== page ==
Feeds

Dixons preps home 3D printer for plastic-piping punters

Additive manufacturing goes mainstream

Top 5 reasons to deploy VMware with Tegile

When a technology hits the High Street, you know it's making its way into the mainstream. 3D printing isn’t there quite yet, but it’s perhaps only a step away as Dixons’ stores PC World and Currys will tomorrow start selling a consumer-oriented additive manufacturing rig online.

The printer in question is 3D Systems' Cube, a 26 x 26 x 34cm, 4.3kg unit for which the aforementioned retailers expect you to cough £1,195.

The printer comes in five different colours; the printed plastic in 16. Supplies of the plastic cost £52.80 a cartridge. 3D Systems reckons you can print around 13 14cm3 items from each pot.

The Cube lays down 0.2mm section after 0.2mm section of the plastic using a single jet controlled by software running on a Mac or a Windows PC. The printer connects to the host over a wireless network – it supports 802.11g – but it also has a USB port ready to take a Flash drive full of print files.

3D Systems Cube

Dixons says you can get printing as soon as you’ve set the Cube up. That’s thanks to the 25 free 3D print files “designed by professional artists” and bundled with the machine.

How many buyers will actually go the whole hog and start churning out their own small items remains to be seen. How many Raspberry Pi cases do you need to make for yourself, after all?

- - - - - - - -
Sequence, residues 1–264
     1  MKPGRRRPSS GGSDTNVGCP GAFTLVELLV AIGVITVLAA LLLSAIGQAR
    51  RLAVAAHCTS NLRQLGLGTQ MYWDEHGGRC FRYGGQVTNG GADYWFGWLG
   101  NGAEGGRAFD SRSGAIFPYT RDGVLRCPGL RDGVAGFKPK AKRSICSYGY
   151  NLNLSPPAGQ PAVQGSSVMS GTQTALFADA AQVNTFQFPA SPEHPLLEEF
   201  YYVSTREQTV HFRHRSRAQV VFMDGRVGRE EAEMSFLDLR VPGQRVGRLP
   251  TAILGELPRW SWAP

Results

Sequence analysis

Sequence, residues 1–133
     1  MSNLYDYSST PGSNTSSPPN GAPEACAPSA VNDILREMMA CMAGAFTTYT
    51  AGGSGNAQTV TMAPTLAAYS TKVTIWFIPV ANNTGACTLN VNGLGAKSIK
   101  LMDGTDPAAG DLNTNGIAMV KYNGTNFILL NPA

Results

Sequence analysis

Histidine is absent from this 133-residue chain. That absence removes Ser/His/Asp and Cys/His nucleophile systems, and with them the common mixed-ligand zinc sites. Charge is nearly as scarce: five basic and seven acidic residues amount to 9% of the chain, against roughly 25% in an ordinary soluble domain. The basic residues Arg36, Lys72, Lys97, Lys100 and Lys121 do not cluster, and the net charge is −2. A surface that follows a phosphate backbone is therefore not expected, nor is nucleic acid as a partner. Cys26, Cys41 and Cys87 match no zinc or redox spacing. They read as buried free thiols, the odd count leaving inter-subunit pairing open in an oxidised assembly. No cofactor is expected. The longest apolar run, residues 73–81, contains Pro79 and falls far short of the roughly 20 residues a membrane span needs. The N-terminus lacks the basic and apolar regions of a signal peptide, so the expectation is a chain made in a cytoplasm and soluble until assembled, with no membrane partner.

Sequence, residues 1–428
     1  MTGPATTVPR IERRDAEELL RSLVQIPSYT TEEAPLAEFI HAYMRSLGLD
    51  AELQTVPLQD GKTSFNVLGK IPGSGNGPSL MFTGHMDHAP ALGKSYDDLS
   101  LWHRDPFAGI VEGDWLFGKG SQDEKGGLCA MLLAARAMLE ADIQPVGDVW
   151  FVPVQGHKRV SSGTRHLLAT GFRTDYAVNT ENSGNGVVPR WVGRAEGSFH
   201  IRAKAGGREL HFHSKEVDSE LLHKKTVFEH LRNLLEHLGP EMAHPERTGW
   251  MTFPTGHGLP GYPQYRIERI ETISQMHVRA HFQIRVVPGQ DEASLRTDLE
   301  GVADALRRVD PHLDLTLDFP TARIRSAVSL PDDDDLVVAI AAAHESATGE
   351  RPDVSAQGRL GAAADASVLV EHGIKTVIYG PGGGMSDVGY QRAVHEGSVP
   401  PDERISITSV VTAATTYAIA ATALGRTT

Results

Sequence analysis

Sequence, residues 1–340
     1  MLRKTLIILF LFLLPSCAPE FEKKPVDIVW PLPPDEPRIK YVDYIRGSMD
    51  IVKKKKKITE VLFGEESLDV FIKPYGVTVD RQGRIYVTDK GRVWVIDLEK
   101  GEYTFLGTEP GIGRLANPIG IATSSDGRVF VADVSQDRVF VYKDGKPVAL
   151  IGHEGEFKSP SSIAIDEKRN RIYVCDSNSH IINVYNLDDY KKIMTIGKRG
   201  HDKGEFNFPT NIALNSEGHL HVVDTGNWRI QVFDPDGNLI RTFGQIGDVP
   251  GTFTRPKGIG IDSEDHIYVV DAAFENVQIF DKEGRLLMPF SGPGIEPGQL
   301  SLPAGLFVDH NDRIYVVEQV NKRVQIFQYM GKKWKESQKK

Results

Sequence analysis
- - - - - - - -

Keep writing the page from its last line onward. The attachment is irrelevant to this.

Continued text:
Still, it’s how El Reg’ Special Projects Bureau is preparing its Vulture 2 spaceplane... ®

Internet Security Threat Report 2014

More from The Register

next story
PEAK APPLE: iOS 8 is least popular Cupertino mobile OS in all of HUMAN HISTORY
'Nerd release' finally staggers past 50 per cent adoption
Tim Cook: The classic iPod HAD to DIE, and this is WHY
Apple, er, couldn’t get the parts for HDD models
Apple spent just ONE DOLLAR beefing up the latest iPad Air 2
New iPads look a lot like the old one. There's a reason for that
Google Glassholes are UNDATEABLE – HP exec
You need an emotional connection, says touchy-feely MD... We can do that
Caterham Seven 160 review: The Raspberry Pi of motoring
Back to driving's basics with a joyously legal high
prev story

Whitepapers

Why cloud backup?
Combining the latest advancements in disk-based backup with secure, integrated, cloud technologies offer organizations fast and assured recovery of their critical enterprise data.
Getting started with customer-focused identity management
Learn why identity is a fundamental requirement to digital growth, and how without it there is no way to identify and engage customers in a meaningful way.
High Performance for All
While HPC is not new, it has traditionally been seen as a specialist area – is it now geared up to meet more mainstream requirements?
New hybrid storage solutions
Tackling data challenges through emerging hybrid storage solutions that enable optimum database performance whilst managing costs and increasingly large data stores.
Mitigating web security risk with SSL certificates
Web-based systems are essential tools for running business processes and delivering services to customers.